Chip Scoggins is a Star Tribune sports columnist. He previously covered the Minnesota Vikings for four years, starting in 2008. In addition, he covered college football for five years. Chip has been with the Star Tribune since January 2000. He can be followed on twitter at @chipscoggins.Find Chip on Facebook.
Kevin Merkle, tournament director of the boys state basketball tournament, is scheduled to oversee the annual coaches meeting Friday morning.
Here’s hoping the first item of business begins with this: PUT A STINKIN’ SHOT CLOCK IN THE GAME!!
“I’m sure it will come up,” Merkle said.
Well, it should after mighty Hopkins – and to a certain extent Shakopee, too – made a mockery of the state tournament on Friday night. The two teams engaged in a staredown that sucked the life out of their Class 4A semifinal and embarrassed the State High School League in one of its marquee events.
First things first, credit to Hopkins’ Amir Coffey, who made a miracle shot from beyond halfcourt at the buzzer in the fourth overtime. Cool moment for him, something that he’ll always remember.
But fans won’t forget what led up to that shot, either. Hopkins held the ball in a stall tactic at the end of regulation and throughout the overtime periods. Shakopee refused to come out of its zone that worked so effectively all game.
So everyone just kind of stood around and waited for time to run off. You wouldn’t think a powerhouse program like Hopkins, with its abundance of talent, would need to resort to such a cheap tactic, but apparently Ken Novak and his players felt that was their only way to win. And it takes two to tango. Shakopee played right along.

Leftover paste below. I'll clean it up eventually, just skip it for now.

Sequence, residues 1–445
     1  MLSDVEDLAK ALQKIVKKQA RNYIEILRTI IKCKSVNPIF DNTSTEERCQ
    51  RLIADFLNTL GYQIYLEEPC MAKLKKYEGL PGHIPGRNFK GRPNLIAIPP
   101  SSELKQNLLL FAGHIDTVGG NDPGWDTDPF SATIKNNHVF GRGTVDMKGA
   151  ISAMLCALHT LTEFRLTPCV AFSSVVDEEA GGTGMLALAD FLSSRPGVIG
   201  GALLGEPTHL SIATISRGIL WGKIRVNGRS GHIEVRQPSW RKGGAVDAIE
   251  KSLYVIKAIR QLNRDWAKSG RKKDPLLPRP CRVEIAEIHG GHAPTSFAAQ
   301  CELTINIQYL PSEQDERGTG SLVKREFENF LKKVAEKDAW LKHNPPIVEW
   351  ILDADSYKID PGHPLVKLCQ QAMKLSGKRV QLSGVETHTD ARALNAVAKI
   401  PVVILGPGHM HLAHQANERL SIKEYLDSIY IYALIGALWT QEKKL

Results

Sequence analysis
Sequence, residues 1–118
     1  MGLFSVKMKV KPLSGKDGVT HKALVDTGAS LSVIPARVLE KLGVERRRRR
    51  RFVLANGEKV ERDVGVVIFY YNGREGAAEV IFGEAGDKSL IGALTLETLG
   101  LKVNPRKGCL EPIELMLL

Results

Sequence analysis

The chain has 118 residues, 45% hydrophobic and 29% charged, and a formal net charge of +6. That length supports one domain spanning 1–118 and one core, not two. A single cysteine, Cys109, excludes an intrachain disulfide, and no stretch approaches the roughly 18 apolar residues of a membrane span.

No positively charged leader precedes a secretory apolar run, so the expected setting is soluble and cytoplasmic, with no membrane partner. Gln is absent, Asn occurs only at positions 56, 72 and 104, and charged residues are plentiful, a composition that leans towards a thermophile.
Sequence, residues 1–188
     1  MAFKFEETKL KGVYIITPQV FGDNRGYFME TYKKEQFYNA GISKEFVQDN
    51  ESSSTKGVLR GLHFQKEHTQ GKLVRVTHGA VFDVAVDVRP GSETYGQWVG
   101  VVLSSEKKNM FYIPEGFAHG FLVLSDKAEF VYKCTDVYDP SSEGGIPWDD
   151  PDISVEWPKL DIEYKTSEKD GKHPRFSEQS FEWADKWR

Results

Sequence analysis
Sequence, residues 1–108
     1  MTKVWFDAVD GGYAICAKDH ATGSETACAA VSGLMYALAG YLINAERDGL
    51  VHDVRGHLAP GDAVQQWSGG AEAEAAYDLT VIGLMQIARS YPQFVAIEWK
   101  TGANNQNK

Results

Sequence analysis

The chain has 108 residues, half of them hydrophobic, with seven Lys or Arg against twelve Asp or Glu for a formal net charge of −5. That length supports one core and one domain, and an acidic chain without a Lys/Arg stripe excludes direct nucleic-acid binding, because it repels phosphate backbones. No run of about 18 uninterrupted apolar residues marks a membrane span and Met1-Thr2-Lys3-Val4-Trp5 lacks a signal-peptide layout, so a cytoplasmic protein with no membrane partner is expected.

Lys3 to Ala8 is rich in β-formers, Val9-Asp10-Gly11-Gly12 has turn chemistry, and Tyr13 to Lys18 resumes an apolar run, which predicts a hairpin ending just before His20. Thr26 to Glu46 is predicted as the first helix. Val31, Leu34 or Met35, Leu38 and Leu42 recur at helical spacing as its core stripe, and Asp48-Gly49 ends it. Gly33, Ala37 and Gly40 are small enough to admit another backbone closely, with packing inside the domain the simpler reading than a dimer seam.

Both teams operated within the rules of the game, but it was a ridiculous display – or non-display – of basketball that would be entirely avoidable if the state high school league would institute a shot clock.
Merkle said the shot clock debate comes up every year but it hasn’t gained much traction because it’s cost prohibitive for many schools. The high school league allows schools to experiment with a shot clock during non-conference season but Merkle said “I don’t think we’re that close” to having them in use full time at every school.
Merkle said seven states nationally use a shot clock in high school.
“Our coaches have voted in favor of it,” he said. “Not overwhelmingly, but the majority. The reason it hasn’t come forward anymore is there’s a cost to put it in and then there’s a cost to have somebody to run it every game for boys and girls all year long.”
What happened Thursday night put the high school league in a tough spot. They can’t force teams to play a certain way, but they also had a lot of unhappy fans at Target Center and beyond.
“Is that what you want to happen in a game? Probably not,” Merkle said, before adding, “They’re both playing within the rules and it was a strategy that they both felt they had to use to win the game, so I can’t disagree with that.”
Merkle said he doesn’t see or hear about that kind of thing happening too often. He recalled a team using a similar stall tactic in the tournament a few years ago.
I’m not discounting the cost factor in requiring schools to buy shot clocks for their gyms. That would be a significant expense for many schools that have a hard time making budget as it is.
But a shot clock would be good for the game in general as high school basketball evolves. It probably would have little effect on most teams anyway, given the fast-paced nature of high school basketball these days.
And it would prevent that nonsense that we watched in the semifinals of the large-school tournament.
“There will be more discussion but who knows?” Merkle said. “Hard to say.”